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May 01 2018
Is Social Media Influencing Your Interactions?
Shane Inglesby, CCE, Geneva Rock Products, Inc.

How are your interpersonal skills as you meet others face-to-face? Are you engaging? Do you develop a rapport with the other individual? Do you show a genuine interest in the person you are conversing with?

Social media has become the new frontier for making connections and staying in touch with what is going on in the world. Social media outlets allow for users' experiences to be customized to share and receive information from specific individuals, businesses and organizations. Once connections are made, depending upon the source, volumes of useful information can be shared.

Individuals and entities can share online as much or as little information as they would like. Frequent users of these social platforms can quickly tell you who either "overshares," keeps a constant stream of information, participates sporadically and those who simply observe yet choose not to share anything.

The parallels between what takes place online and what occurs when people interact on a personal basis can be eerily similar. Participating in social media demonstrates an understanding that digital interactions are truly one-sided and left to the discretion of the sharing party.

Rules of the world online should not carry over into daily personal interactions. Interpersonal, face-to-face conversations should build rapport and foster a sense of trust and belonging. Two-way conversation should be the priority. Genuine interest and concern for the other participant should prevail.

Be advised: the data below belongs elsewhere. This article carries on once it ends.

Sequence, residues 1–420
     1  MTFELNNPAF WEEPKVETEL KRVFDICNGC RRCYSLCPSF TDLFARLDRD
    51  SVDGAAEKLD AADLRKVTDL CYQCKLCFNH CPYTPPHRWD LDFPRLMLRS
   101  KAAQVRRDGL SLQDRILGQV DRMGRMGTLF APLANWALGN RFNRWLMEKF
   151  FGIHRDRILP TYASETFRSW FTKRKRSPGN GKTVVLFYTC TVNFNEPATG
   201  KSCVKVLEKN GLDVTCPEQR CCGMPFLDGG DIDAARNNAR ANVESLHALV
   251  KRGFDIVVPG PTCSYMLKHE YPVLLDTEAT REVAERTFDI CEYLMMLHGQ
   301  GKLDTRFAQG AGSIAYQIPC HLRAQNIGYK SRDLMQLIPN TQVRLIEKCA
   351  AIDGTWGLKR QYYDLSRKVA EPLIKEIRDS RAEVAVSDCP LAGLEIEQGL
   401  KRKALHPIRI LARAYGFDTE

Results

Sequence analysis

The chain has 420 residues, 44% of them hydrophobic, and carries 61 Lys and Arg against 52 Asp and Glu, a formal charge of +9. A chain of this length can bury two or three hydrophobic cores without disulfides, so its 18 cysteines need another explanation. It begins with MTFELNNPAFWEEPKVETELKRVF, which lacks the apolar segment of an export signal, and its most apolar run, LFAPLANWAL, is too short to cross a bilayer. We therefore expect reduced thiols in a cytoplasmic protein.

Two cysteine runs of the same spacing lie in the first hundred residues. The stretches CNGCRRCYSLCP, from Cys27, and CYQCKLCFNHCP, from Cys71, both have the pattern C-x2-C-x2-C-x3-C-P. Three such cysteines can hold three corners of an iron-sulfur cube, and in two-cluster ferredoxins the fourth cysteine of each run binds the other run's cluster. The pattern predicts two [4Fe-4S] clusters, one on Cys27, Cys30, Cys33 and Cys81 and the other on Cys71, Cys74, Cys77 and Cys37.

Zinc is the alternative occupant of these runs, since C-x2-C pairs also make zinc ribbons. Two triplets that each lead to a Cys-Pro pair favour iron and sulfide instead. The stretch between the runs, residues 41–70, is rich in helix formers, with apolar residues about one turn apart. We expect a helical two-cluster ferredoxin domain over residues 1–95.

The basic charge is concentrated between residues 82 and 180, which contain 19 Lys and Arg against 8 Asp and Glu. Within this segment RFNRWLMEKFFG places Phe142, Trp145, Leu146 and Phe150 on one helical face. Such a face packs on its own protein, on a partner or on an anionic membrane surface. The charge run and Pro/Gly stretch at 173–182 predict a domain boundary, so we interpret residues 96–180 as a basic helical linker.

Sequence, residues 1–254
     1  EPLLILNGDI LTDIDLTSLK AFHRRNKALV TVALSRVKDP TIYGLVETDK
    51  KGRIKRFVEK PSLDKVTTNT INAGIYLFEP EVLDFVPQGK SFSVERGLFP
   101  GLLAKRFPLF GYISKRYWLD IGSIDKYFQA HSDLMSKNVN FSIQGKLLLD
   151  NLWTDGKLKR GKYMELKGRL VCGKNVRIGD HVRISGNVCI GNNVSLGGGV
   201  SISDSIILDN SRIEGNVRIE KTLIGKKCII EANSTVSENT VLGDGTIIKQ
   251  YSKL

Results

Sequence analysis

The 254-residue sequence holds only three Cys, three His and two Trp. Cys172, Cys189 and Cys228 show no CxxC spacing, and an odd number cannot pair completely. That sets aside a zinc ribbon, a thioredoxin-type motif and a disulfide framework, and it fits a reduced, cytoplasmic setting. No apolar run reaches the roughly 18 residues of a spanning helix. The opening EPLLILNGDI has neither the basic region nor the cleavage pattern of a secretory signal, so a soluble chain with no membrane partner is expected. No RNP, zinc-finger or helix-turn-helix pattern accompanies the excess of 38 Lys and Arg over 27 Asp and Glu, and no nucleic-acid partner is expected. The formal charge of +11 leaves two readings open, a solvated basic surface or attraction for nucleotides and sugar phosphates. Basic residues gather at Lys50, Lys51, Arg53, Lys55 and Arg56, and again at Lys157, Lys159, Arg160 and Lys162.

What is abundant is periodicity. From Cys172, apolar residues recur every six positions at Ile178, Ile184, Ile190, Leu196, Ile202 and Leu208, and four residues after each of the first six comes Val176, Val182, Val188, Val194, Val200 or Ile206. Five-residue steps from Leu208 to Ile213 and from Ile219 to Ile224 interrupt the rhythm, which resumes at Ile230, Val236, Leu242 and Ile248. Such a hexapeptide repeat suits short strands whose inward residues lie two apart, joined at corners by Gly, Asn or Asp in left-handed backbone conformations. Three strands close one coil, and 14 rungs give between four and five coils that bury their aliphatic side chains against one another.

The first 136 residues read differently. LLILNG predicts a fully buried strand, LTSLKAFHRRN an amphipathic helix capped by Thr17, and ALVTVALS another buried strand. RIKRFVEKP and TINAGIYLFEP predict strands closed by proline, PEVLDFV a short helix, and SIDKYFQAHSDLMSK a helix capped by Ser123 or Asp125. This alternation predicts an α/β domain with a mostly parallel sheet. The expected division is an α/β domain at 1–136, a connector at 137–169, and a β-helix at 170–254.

However, many conversations today tend to mirror an individuals approach online. Conversations tend to be "me-focused." It's as though participants sense a very limited window of opportunity for the interaction. As a result, they focus strictly upon themselves because time is limited. Little, if no, effort is made to check-in with what is taking place in the world of the person on the other side of the "visit."

This selfish approach to an interaction limits possibilities for nurturing a relationship that otherwise could be full of potential and opportunities. One-sided conversations communicate the listening party is not valued or appreciated. His/her thoughts, observations or experiences are discounted because the person dominating the conversation doesn't recognize the importance of the listener.

Investing and engaging in two-way conversation allows all participants to connect and share insights that, otherwise, may have gone unexplored. Never underestimate the value someone can bring to a conversation. Even if there may be no immediate insights offered, the value of having invested time in the relationship can deliver great dividends at a later time. Such interactions will encourage future conversations that will allow the relationship to grow and be mutually beneficial.

Monitor your conversations. If you have not asked someone you are conversing with about what is taking place in their world, you can easily be perceived as self-absorbed and lacking in ability to engage in a meaningful, productive conversation.

When you visit, recognize the importance of listening. To listen, sometimes you need to ask a question. Greater knowledge can only be acquired through seeking further knowledge, insights and wisdom of others.

Social media has its place, but it should not be the standard bearer for developing and enhancing quality human interactions. Show an interest, be quiet and listen. You may be surprised at what you will learn.